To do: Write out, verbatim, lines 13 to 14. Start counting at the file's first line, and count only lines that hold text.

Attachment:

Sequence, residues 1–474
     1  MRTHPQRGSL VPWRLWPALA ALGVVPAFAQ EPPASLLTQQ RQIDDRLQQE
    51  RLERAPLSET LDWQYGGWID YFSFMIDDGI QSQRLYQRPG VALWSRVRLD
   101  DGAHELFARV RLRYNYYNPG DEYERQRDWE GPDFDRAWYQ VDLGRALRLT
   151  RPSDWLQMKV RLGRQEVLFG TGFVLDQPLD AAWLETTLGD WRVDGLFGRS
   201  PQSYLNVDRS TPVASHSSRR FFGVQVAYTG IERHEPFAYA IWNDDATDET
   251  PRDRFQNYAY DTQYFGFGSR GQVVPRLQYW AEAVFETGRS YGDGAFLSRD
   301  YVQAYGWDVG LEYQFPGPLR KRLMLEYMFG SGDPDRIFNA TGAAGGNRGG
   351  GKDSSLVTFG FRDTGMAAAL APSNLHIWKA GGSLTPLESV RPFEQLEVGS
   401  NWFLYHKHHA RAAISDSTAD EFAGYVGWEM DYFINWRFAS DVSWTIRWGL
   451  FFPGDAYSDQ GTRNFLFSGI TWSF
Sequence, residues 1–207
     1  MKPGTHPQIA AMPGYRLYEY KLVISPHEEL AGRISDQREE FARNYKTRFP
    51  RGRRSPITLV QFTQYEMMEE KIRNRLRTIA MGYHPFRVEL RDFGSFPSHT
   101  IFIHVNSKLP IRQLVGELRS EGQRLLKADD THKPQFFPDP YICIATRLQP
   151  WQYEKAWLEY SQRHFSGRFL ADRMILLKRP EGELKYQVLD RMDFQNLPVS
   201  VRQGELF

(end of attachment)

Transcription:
     1  MKPGTHPQIA AMPGYRLYEY KLVISPHEEL AGRISDQREE FARNYKTRFP
    51  RGRRSPITLV QFTQYEMMEE KIRNRLRTIA MGYHPFRVEL RDFGSFPSHT